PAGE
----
Immunotherapy clinical trial gives hope to leukemia, melanoma survivor
An acute myeloid leukemia diagnosis (AML) in May 2016 came as no real surprise to Julia Dutton. She’d been fighting debilitating fatigue for a couple of weeks. Then her gums became so painful and swollen, “they felt like balloons and looked like if you stuck them with a pin, they’d pop,” Julia says.
Thinking she had a gum infection, Julia went to her dentist for a teeth cleaning. That brought no relief. When her vision became blurry, too, Julia went to an urgent care clinic, where she learned that her hemoglobin counts were very low. The doctor said she probably had cancer.
“I felt so bad that day that it really was no surprise,” Julia says. “I’ve always been a real active person, but I was out of breath just walking up the stairs. I was so tired I couldn’t even function.”
Choosing a clinical trial at MD Anderson
Within three days of her diagnosis, Julia had her first appointment at MD Anderson. “My sister had been there in 2014,” she says. “So I knew that’s where I wanted to be.”
“At the time, I didn’t know anything about immunotherapy,” Julia says. “But I called a doctor friend of mine, and he said, ‘Oh, yeah. You want to be on it.’ So I joined. Once I read up about immunotherapy, I was all over it.”
Pneumonia treatment reveals undiagnosed melanoma
Julia began receiving nivolumab intravenously in June. She also got the chemotherapy drugs idarubicin and cytarabine to prepare her body for a stem cell transplant. But before she could have the procedure, Julia spiked a fever. Doctors discovered she had pneumonia and ordered a CT scan to determine its severity. That’s when they noticed the spot on her left lung.
“I thought, ‘There is no way I could have two cancers. There is just no way,’” Julia says. But a biopsy showed otherwise: it was stage IV melanoma.
Accepting hair loss solves mystery
Because melanoma is a skin disease, doctors knew that it did not originate in Julia’s lungs. But determining its primary location proved challenging. “They looked all over my body — even in between my toes,” Julia says. They finally found the answer when Julia shaved her head: a tiny spot on her scalp.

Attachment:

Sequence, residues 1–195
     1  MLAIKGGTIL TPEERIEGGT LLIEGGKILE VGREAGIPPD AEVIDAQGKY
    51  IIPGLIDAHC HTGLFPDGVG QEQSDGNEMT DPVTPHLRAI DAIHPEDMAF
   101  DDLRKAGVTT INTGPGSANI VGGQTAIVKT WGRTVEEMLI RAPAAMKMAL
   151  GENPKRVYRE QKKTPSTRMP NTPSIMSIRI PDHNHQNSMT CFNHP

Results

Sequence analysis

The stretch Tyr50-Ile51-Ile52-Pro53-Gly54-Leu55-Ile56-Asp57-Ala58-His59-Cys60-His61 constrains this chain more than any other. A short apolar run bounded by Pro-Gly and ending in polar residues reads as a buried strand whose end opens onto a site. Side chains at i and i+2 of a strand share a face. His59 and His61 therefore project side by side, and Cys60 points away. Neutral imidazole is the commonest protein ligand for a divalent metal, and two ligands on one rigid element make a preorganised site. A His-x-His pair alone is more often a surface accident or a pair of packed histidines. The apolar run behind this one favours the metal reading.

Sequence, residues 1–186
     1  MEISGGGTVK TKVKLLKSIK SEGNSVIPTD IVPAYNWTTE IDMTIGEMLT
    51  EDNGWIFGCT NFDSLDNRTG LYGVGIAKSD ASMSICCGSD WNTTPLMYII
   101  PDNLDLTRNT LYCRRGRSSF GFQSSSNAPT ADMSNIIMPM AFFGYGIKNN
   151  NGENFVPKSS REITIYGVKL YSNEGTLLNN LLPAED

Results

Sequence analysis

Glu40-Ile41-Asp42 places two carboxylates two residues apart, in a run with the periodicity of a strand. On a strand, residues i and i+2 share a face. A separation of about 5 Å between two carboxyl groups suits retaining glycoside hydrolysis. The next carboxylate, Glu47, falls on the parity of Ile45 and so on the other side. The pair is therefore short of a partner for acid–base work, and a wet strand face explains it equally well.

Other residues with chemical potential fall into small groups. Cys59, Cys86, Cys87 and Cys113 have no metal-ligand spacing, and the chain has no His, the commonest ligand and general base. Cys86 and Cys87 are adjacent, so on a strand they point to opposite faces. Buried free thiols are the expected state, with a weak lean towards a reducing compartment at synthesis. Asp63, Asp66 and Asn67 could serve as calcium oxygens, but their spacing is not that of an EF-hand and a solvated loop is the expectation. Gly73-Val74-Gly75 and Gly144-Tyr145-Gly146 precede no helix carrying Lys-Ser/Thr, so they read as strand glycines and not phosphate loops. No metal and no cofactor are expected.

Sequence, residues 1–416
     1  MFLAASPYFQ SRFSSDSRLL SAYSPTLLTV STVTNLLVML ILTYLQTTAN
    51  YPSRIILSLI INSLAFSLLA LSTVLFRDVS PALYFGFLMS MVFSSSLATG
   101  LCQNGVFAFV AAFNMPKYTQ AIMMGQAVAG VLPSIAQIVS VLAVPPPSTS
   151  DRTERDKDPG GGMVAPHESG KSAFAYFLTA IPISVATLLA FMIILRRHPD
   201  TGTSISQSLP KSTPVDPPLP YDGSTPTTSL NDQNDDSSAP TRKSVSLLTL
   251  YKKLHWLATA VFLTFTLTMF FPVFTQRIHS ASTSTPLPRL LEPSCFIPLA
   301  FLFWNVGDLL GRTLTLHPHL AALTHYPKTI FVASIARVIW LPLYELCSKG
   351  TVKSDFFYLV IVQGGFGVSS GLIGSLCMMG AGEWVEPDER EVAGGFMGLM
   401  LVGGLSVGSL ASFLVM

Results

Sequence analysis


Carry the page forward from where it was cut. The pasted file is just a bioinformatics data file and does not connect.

“The dermatologist described it as ‘very unremarkable’ when he removed it,” Julia says. “It did not go very deep and only took three stitches to close.”
Immunotherapy drug targets both leukemia and melanoma
A stem cell transplant was off the table until the melanoma was completely gone, so Julia began receiving radiation therapy under Steven Lin, M.D., to treat the spot on her lung.
As luck would have it, the clinical trial drug she was on for leukemia was the same one Hussein Tawbi, M.D., Ph.D., would have prescribed for melanoma. “So the immunotherapy drug was working on both types of cancer,” Julia says. “The melanoma in my lung was 1.3 cm long when they found it, but by the time I got to see Dr. Lin, it was only .7 cm. After I started radiation, it went down to .4 cm in just one week.”
Advice for others considering clinical trials
Julia finished her chemotherapy and radiation treatments in October 2016, although she continues taking nivolumab today. She never did undergo a stem cell transplant, although she did have a Gamma Knife® procedure under Ian McCutcheon, M.D., and Erik Sulman, M.D., Ph.D., in March 2017, after an MRI revealed a tiny spot of melanoma on her brain.
Today, Julia is in remission. She tells everyone she knows to get to MD Anderson if they have cancer — and most importantly, to consider clinical trials if they’re ever offered.
“I had a really good result on my clinical trial and could not be happier with the care I received,” Julia says. “Look at the rewards versus the risks and the long term. It’s definitely worth talking to your doctor about.”